First, a quick update on my previous blog entry: 11 days ago, Peanut Corporation of America filed for Chapter 7 bankruptcy protection and shut down its last remaining plant (in Suffolk, Virginia). Jean Halloran, the director of Consumers Union, stated in response, "It is unacceptable for corporations to put consumers' health at risk and then simply declare bankruptcy and go out of business when they get caught. PCA's declaration of bankruptcy will, among other things, shield it from liability suits filed by consumers who became sick or whose loved ones died as a result of eating PCA's peanut products."
Now, for more odd thoughts and ideas:
- I'm pissed off that Ryan Seacrest has a star on the Hollywood Walk of Fame, but Gene Wilder doesn't. What the f&#* has Seacrest done?
- I don't believe that nice guys finish last... but it sure seems like they hardly ever finish first and pricks never finish last.
- I've seen potato and onion pierogies, and potato and cheese pierogies. What I'd like to see is one with onion, cheese, bacon and chives (so it would be more like a baked potato--just have some sour cream to dip 'em in, that would be an excellent side dish).
- I've been watching Life On Mars for a few months now, and I can imagine Harvey Keitel uttering the lines made famous three decades ago by Karl Malden: "It could happen to you. So don't carry cash, carry American Express Travelers Cheques. Don't leave home without them." I mean, Malden did a '70s TV cop show (The Streets of San Francisco); Life On Mars (another cop show) is set in 1973. Malden was famous for his nose; Keitel's character in Life On Mars has said "The nose knows" in at least a couple of episodes. Malden was around 60 when "The Streets of San Francisco" began airing in 1972; Keitel will turn 70 later this year. Finally, both men are alumni of the famous Actors Studio Drama School.
- Anyone ever try mixing orange soda and Vernors together? I've done that, although it's been years. (I think it's 1 part orange to 1 part Vernors, but maybe it was 3 parts orange to 2 parts Vernors.) Think of the result as a "spiced orange" soda.
- You know how the two oldest NFL teams to never appear in a Super Bowl are the Lions and the Browns? They have more in common than that. In the post-merger era, both accomplished next to nothing (the Lions have one playoff victory; the Browns have four). Both took on new owners in the early 1960s who have drawn the ire of their fans (William Clay Ford with the Lions, Art Modell because he moved his team in 1995). Both cities have suffered economic and population declines in recent years. Also, in 1980, wide receiver Ahmad Rashad of the Minnesota Vikings caught a game-winning TD pass in Week 15. If it wasn't for that catch, the Lions would have won the NFC Central and the Vikings would have been out of the NFC playoffs. Who'd Rashad make that catch against? Yep, the Cleveland Browns, who incidentally blew a 14-point lead in the fourth quarter of that game. For all those reasons, when anyone asks me what team I'd root for if the Lions left Detroit, I'd answer "the Cleveland Browns" without hesitation. They're basically Detroit's AFC team.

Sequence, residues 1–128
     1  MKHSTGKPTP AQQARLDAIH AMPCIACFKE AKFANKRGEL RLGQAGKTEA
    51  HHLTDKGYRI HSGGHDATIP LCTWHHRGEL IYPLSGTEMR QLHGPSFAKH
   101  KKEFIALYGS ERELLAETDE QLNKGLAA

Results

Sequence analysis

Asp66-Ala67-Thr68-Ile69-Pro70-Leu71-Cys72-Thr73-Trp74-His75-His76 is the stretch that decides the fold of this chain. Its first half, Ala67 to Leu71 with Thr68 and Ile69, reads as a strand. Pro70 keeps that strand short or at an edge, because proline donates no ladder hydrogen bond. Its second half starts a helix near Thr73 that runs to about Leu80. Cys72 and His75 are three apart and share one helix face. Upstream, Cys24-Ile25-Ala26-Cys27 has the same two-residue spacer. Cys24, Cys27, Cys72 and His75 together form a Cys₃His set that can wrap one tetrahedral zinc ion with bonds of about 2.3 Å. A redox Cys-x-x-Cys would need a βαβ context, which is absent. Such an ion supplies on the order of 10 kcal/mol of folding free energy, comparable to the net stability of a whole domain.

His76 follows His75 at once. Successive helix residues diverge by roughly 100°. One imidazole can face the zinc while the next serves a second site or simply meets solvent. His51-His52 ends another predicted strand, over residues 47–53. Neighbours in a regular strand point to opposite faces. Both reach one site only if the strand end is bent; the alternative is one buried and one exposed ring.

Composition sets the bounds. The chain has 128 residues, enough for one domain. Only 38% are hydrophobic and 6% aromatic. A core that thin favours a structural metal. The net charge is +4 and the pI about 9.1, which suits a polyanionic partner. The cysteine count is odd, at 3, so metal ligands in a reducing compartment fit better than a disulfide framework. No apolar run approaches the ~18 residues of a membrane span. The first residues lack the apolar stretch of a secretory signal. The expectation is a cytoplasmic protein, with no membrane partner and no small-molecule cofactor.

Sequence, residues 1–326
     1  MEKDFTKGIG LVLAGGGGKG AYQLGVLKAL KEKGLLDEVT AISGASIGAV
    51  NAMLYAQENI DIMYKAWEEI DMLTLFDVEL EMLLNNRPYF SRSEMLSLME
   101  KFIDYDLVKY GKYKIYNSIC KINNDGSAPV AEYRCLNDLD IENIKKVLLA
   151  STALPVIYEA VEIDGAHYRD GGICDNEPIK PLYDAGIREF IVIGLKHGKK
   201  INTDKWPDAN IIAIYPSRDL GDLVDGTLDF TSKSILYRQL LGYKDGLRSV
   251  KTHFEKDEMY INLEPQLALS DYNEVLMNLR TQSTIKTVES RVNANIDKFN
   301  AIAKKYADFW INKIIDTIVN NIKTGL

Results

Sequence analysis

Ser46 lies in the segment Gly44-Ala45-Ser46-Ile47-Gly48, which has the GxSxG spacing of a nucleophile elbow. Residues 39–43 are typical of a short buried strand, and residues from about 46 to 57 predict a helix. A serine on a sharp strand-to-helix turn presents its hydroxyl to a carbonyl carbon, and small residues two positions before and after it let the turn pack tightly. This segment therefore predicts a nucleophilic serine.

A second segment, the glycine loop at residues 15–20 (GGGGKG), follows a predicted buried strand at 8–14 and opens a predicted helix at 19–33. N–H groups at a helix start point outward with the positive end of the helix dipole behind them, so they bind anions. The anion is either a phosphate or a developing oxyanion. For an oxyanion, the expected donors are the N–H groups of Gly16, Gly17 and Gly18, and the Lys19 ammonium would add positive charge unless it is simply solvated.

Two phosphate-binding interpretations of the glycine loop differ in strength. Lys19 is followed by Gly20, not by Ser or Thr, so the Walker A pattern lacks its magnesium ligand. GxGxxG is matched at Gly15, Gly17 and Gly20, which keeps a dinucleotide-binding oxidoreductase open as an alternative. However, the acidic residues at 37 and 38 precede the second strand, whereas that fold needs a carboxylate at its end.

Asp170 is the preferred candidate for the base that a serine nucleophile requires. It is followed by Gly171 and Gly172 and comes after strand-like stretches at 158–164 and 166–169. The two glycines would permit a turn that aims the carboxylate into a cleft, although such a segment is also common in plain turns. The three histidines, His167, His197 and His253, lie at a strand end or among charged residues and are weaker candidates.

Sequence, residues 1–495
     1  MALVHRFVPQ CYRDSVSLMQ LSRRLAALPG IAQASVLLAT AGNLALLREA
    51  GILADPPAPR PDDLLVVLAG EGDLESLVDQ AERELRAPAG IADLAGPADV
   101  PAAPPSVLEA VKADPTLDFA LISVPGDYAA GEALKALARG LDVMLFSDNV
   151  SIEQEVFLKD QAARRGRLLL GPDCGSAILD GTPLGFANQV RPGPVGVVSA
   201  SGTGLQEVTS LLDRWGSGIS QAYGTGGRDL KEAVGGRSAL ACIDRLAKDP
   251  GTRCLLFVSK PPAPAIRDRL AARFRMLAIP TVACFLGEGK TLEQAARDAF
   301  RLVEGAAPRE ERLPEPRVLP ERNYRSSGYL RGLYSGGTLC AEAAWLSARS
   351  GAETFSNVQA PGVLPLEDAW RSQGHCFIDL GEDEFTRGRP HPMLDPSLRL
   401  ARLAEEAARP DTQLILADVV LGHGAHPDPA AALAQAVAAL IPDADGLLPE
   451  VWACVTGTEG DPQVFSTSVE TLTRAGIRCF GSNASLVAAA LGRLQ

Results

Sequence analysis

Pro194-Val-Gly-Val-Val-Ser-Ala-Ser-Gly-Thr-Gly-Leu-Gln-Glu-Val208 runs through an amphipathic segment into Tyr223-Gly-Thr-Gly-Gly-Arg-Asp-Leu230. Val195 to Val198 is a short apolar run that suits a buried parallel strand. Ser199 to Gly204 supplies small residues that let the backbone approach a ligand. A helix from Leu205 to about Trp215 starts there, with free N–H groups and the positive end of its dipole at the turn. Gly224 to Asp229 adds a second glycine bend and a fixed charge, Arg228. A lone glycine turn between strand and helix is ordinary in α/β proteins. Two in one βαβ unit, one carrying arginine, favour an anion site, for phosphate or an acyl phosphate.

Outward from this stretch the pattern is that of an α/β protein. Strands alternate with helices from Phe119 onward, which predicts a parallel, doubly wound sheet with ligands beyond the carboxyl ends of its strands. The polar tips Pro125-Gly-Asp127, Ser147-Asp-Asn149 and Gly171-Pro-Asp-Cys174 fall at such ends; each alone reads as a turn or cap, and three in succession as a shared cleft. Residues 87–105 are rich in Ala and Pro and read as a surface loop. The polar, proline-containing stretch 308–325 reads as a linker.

- Ever heard of jumping the shark? Well, Subway has created a commercial that has jumped the shark. I like the return of the $5 footlong special, but a musical dance number of the "Five... five dollar... five dollar footlong" jingle at the front counter? That's just nuts.
About a year ago I e-mailed Hostess with the suggestion that they come out with Ding Dongs that have mint creme (as opposed to the usual vanilla creme) in them. They were kind enough to send me a coupon for any Hostess product free. Recently, another idea came up: What about Ding Dongs with a dark chocolate coating on the outside and coconut creme on the inside? The idea was inspired by those dark chocolate-coated coconut patties my dad used to get as part of this shipment of Indian River grapefruits and oranges. Gosh, those were good times.
- Some time ago, I admitted that the first time I heard of Hell's Kitchen, I thought it was an American adaptation of the British sitcom "Chef!" (which starred Jamaican-British comedian Lenny Henry as Gareth Blackstock, who predates Gordon Ramsay by at least seven years; like Ramsay, Chef Blackstock is at the top of his profession and hurls all kinds of insults and invective at everybody under him in an effort to get them to do their best). And it just hit me--a "Chef!" movie where Chef Blackstock has sold Le Chateau Anglais due to economic problems and is looking to become head chef at another restaurant, and the only restaurant offering him a job is one straight out of Kitchen Nightmares.
- Finally, I'm glad someone did an ad advising people how stupid it is to use the word "gay" where they should be using words like "wrong," "crazy" or, yes, "stupid" instead. I'd like to see a similar set of ads telling people to please stop using the word "retarded" in a similar fashion as that just serves to offend mentally-challenged people.
- TV show drinking games. They're generally set up to favor the big, fat guys who have so much body mass that they need more alcohol to be drunk than a relatively small, skinny woman. But I have an idea: I would set it up so that for a certain event, only one person takes a drink. You write down each event on an index card (e.g. in Star Trek: The Next Generation, "Captain Picard says 'Thank you, Mr. Data,' +1 drink" on one card, "Anyone says 'Shut up, Wesley,' +1 drink" on another, "Commander Riker repeats part what someone else says immediately after hearing it, +2 drinks" on another, and so on). Then you shuffle the cards and distribute them so that each person gets a different set of events.